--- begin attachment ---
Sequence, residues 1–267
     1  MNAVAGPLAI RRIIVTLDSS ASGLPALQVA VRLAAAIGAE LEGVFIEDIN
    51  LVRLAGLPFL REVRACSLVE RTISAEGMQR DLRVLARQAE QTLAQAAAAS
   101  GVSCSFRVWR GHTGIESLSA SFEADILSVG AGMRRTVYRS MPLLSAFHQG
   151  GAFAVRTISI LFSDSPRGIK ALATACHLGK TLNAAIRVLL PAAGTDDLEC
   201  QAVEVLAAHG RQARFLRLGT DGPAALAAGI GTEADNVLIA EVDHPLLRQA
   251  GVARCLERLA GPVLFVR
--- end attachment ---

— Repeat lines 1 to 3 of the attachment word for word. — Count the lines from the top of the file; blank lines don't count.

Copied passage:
Sequence, residues 1–267
     1  MNAVAGPLAI RRIIVTLDSS ASGLPALQVA VRLAAAIGAE LEGVFIEDIN
    51  LVRLAGLPFL REVRACSLVE RTISAEGMQR DLRVLARQAE QTLAQAAAAS